Academic journal article Journal of Money, Credit & Banking

The Big Problem of Small Change

Academic journal article Journal of Money, Credit & Banking

The Big Problem of Small Change

Article excerpt

Our title paraphrases one by Carlo Cipolla.(1) Like Cipolla, our subject is the process through which Western monetary authorities learned how to supply small change. Along with many other writers, Cipolla described how Western Europeans long struggled to sustain a proper mix of large and small denomination coins, and to break away from the idea that a commodity coinage requires coins of all denominations to be full-bodied.(2)

The Carolingian monetary system, born about A.D. 800, had only one coin, the penny. At the end of the twelfth century, various states began also to create larger denomination coins. From the thirteenth to the nineteenth century, there were recurrent "shortages" of the smaller coins. Cipolla (1956, p. 31) states that: "Mediterranean Europe failed to discover a good and automatic device to control the quantity of petty coins to be left in circulation," a failure that extended across Europe.(3)

By the middle of the nineteenth century, the mechanics of a sound system were well understood, thoroughly accepted, and widely implemented. According to Cipolla (1956, p. 27):

   Every elementary textbook of economics gives the standard formula for
   maintaining a sound system of fractional money: to issue on government
   account small coins having a commodity value lower than their monetary
   value; to limit the quantity of these small coins in circulation; to
   provide convertibility with unit money.... Simple as this formula may seem,
   it took centuries to work it out. In England it was not applied until 1816,
   and in the United States it was not accepted before 1853.

Before the triumph of the "standard formula," fractional coins were more nearly full-bodied and contained valuable metal roughly in proportion to their nominal values, contradicting one element of the standard formula. Supplies were determined by private citizens who decided if and when to use metal to purchase new coins from the mint at prices set by the government, contradicting another element of the standard formula. That system produced chronic shortages of small coins, but also occasional gluts. Gradually over the centuries, theorists proposed components of the standard formula; occasionally policy makers even implemented some of them. Full implementation waited until 1816, in Britain; and over the following sixty years, in France, Germany, the United States, and other countries, culminating in the establishment of the Classical Gold Standard with silver and bronze or copper coinage as subsidiary money.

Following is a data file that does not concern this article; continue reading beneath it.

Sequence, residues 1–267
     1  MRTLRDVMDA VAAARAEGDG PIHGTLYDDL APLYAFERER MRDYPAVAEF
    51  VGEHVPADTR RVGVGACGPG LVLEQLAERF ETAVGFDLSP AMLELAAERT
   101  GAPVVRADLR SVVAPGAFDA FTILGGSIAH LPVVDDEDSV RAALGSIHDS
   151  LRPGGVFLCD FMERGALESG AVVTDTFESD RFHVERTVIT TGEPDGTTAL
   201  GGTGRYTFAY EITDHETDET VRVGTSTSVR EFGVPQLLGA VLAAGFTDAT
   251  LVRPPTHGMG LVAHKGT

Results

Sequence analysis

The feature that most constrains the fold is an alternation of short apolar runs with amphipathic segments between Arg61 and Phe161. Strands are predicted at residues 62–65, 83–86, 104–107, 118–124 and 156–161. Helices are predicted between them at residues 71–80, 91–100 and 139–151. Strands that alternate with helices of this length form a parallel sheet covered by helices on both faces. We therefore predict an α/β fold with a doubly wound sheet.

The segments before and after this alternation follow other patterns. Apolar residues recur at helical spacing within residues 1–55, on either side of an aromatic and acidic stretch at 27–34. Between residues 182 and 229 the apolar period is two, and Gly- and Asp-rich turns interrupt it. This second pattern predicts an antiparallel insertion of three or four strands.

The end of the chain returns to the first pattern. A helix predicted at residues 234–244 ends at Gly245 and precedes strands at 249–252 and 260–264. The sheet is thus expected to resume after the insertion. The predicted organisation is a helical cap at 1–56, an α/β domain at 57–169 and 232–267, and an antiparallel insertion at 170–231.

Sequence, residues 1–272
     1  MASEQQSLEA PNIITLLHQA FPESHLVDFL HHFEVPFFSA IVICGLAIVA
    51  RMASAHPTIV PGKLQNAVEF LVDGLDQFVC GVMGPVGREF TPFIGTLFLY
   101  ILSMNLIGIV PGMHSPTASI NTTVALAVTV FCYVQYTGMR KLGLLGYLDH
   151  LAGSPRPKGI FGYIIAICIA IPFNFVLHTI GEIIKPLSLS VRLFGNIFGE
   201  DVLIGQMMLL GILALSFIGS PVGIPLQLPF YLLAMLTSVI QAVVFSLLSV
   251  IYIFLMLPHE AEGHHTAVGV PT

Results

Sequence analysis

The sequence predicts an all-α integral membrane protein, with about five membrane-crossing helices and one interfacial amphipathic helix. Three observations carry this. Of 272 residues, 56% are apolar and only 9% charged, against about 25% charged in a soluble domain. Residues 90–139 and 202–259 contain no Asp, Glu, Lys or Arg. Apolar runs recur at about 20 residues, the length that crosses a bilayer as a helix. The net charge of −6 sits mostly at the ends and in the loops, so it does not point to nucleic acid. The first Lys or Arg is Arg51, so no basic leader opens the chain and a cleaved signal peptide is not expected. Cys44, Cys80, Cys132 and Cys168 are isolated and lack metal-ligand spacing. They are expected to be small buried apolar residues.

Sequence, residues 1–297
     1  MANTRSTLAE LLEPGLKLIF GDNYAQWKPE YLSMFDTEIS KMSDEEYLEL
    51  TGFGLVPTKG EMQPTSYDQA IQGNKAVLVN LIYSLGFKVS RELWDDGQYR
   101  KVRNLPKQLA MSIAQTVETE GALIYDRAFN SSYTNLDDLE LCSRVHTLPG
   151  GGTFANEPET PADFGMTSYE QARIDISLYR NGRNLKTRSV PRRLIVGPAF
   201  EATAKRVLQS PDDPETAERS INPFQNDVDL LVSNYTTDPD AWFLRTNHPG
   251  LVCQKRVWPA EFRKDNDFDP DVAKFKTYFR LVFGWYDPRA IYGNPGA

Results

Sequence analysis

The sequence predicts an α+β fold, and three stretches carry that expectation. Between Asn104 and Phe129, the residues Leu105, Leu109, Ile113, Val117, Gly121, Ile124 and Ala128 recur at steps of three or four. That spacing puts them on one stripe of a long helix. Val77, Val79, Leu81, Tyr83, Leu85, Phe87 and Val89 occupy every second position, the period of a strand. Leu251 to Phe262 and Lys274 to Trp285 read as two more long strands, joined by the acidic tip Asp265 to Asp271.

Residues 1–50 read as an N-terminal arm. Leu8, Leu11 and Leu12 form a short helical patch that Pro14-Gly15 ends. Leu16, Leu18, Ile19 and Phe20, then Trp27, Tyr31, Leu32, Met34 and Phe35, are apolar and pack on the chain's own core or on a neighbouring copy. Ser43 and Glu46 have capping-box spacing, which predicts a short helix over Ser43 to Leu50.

Our goal is to understand the defects in the medieval monetary system and why it took so long to implement the standard formula. We present a model of supply and demand for large and small metal coins designed to simulate the medieval and early modern monetary system, and to show how its supply mechanism was vulnerable to alternating shortages and surpluses of small coins. We extend Sargent and Smith's (1997) model to incorporate demands and supplies of two coins differing in denomination and possibly in metal content. We specify cash-in-advance constraints to let small coins make purchases that large coins cannot. For each type of coin, the supply side of the model determines a range of price levels whose lower and upper boundaries trigger coin minting and melting, respectively. These ranges let coins circulate above their intrinsic values. The ranges must coincide if both coins are to circulate. The demand side of the model delivers a sharp characterization of "shortages" of small coins. Shortages of small coins have two symptoms: (1) the quantity theory of money splits in two, one for large coins, another for small; and (2) small coins must depreciate relative to large ones in order to render binding the "small-change-in-advance constraint" and thereby provide a motive for money holders to economize on small change. In conjunction with the supply mechanism, the second response is perverse and aggravates the shortage. …

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